Knowledge and implementation of Tertiary Institutionsí Social Health Insurance Programme (TISHIP) in Nigeria: a case study of Nnamdi Azikiwe University, Awka
Maureen Ugonwa Anetoh, Chiamaka Henrietta Jibuaku, Sunday Odunke Nduka, Samuel Uchenna Uzodinma
The Pan African Medical Journal. 2017;28:171. doi:10.11604/pamj.2017.28.171.11379

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Knowledge and implementation of Tertiary Institutionsí Social Health Insurance Programme (TISHIP) in Nigeria: a case study of Nnamdi Azikiwe University, Awka

Cite this: The Pan African Medical Journal. 2017;28:171. doi:10.11604/pamj.2017.28.171.11379

Received: 09/12/2016 - Accepted: 19/10/2017 - Published: 24/10/2017

Key words: Students attitudes, Patient satisfaction, health promotion, Professional practice

© Maureen Ugonwa Anetoh et al. The Pan African Medical Journal - ISSN 1937-8688. This is an Open Access article distributed under the terms of the Creative Commons Attribution License (http://creativecommons.org/licenses/by/2.0), which permits unrestricted use, distribution, and reproduction in any medium, provided the original work is properly cited.

Available online at: http://www.panafrican-med-journal.com/content/article/28/171/full

Corresponding author: Sunday Odunke Nduka, Department of Clinical Pharmacy and Pharmacy Management, Nnamdi Azikiwe University, Awka, Anambra State, Nigeria (so.nduka@unizik.edu.ng)


Knowledge and implementation of Tertiary Institutionsí Social Health Insurance Programme (TISHIP) in Nigeria: a case study of Nnamdi Azikiwe University, Awka

Maureen Ugonwa Anetoh1, Chiamaka Henrietta Jibuaku1, Sunday Odunke Nduka1,&, Samuel Uchenna Uzodinma1

 

1Department of Clinical Pharmacy and Pharmacy Management, Nnamdi Azikiwe University, Awka, Anambra State, Nigeria

 

 

&Corresponding author
Sunday Odunke Nduka, Department of Clinical Pharmacy and Pharmacy Management, Nnamdi Azikiwe University, Awka, Anambra State, Nigeria

 

 

Abstract

Introduction: Tertiary Institutionsí Social Health Insurance Programme (TISHIP) is an arm of the National Health Insurance Scheme (NHIS), which provides quality healthcare to students in Nigerian higher institutions. The success of this scheme depends on the studentsí knowledge and awareness of its existence as well as the level of its implementation by healthcare providers. This study was therefore designed to assess studentsí knowledge and attitude towards TISHIP and its implementation level among health workers in Nnamdi Azikiwe University Medical Centre.

 

Methods: using a stratified random sampling technique, 420 undergraduate students of Nnamdi Azikiwe University, Awka were assessed on their level of awareness and general assessment of TISHIP through an adapted and validated questionnaire instrument. The level of implementation of the scheme was then assessed among 50 randomly selected staff of the University Medical Center. Data collected were analyzed using Statistical Package for Social Sciences (SPSS) version 20 software.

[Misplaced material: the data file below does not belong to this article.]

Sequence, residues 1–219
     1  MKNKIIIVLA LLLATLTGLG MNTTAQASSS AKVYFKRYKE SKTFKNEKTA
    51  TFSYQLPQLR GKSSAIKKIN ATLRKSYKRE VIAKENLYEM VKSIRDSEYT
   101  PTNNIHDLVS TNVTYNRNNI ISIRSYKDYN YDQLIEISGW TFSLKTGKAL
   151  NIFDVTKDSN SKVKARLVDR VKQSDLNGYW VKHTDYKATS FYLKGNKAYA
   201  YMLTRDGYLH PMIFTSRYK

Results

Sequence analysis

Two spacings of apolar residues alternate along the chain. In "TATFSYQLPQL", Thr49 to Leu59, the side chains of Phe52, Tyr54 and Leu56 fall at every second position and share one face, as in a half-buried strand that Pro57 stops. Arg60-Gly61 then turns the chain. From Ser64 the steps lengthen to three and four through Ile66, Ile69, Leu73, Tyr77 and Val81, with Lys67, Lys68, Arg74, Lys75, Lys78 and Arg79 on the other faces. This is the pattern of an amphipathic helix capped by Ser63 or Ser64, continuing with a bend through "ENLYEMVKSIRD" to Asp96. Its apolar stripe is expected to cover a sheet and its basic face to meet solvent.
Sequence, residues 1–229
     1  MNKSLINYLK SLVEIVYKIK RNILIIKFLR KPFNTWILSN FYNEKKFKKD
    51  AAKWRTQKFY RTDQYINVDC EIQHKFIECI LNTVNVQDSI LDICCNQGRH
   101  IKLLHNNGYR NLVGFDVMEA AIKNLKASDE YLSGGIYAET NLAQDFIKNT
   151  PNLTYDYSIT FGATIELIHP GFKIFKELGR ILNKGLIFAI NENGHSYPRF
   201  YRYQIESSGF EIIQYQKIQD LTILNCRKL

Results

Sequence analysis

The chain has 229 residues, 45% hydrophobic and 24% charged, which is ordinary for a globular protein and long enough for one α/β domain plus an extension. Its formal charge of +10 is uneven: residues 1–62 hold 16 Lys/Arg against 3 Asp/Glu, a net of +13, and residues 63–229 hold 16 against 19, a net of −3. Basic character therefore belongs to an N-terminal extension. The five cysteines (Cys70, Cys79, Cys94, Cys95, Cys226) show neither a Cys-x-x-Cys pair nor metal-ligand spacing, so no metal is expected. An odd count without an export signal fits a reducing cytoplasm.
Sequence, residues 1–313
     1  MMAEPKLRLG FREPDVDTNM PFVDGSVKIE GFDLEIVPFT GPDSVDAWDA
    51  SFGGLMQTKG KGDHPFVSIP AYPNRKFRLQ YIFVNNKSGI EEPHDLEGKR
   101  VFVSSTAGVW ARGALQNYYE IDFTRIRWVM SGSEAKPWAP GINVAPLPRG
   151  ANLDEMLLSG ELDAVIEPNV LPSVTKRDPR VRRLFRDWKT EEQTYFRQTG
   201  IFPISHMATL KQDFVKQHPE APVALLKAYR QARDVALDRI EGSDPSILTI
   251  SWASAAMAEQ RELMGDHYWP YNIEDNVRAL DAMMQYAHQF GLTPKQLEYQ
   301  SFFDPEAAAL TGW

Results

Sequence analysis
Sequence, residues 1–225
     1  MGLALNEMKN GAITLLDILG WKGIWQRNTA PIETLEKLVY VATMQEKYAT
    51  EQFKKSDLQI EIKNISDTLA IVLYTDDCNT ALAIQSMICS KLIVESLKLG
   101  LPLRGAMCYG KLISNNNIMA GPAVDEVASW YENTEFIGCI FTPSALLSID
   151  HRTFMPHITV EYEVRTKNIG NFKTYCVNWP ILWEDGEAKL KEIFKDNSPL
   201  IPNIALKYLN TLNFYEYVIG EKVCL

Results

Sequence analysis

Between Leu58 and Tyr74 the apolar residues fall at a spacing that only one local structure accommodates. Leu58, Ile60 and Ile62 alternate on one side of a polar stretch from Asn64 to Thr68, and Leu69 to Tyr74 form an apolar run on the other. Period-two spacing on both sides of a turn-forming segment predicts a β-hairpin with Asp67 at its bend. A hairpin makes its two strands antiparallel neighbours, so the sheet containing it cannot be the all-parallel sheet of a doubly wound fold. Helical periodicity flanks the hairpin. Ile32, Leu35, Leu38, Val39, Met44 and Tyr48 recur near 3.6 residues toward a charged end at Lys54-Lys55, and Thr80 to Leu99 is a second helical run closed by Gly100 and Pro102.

Results: whereas the students in general, showed a high level of TISHIP awareness, more than half of them (56.3%) have never benefited from the scheme with 52.8% showing dissatisfaction with the quality of care offered with the scheme. However, an overwhelming number of the students (87.9%) opined that the scheme should continue. On the other hand, the University Medical Centre staff responses showed a satisfactory scheme implementation.

 

Conclusion: the study found satisfactory TISHIP awareness with poor attitude among Nnamdi Azikiwe University students. Furthermore, the University Medical Centre health workers showed a strong commitment to the objectives of the scheme.

 

 

Introduction    Down

In order to provide effective and efficient health care for their citizens especially, the poor and vulnerable [1], most developing countries recently initiated the implementation of some health financing strategies focusing mainly on, social health insurance scheme. These reform programmes and strategies were aimed at providing easy access to healthcare at an affordable price through various prepayment systems with expected results of improving the overall health status of the citizens. Nigeria, like most other African countries, keyed into this Health Insurance Scheme programme by enacting the National Health Insurance Scheme Act, 1999 with the aim of providing easy access to qualitative, equitable and affordable healthcare for all Nigerians [2]. The first phase of this scheme was rolled out in 2005, with the formal sector social health insurance programme being on the lead [3,4]. This formal sector social health insurance scheme recognizes the principal beneficiary and the spouse with four biological children below the age of 18 years, with more dependents only recognized on additional contributions.

As a means of catering for the healthcare needs of Nigerians who may not have been captured by the formal sector scheme, more schemes including the Tertiary Institutionsí Social Health Insurance Programme (TISHIP) were introduced. The TISHIP is a social security system whereby the health care of students in tertiary institutions in Nigeria is paid for from funds pooled through compulsory contributions involving the students and the government. The programme promotes the health of students with a view to creating conducive learning environment and uninterrupted academic activities due to poor health [5]. It applies to students in universities, colleges of education, polytechnics, schools of nursing and midwifery and other specialized colleges including monotechnics without any discrimination or segregation [6]. This programme was therefore established to ensure access to qualitative service for students in tertiary institutions thus promoting the health of the students with a view to creating a conducive learning environment.

The knowledge of TISHIP, its acceptance, and utilization by the students as well as, its proper implementation in the health care facilities is crucial for the actualization of its goals and general benefits. Previous studies revealed that students barely visit institutionsí health care facilities due to high costs of medical services, poor working conditions and inadequate referral services [6] most of which TISHIP is meant to address. It has also been shown that most Nigerian policies such as this, are often poorly understood with a resultant low level of knowledge about its standard procedures and regulations [7]. This study, therefore, was designed to assess studentsí awareness and attitude to TISHIP as well as to assess the level of implementation of the scheme among Nnamdi Azikiwe University Medical Centre healthcare workers.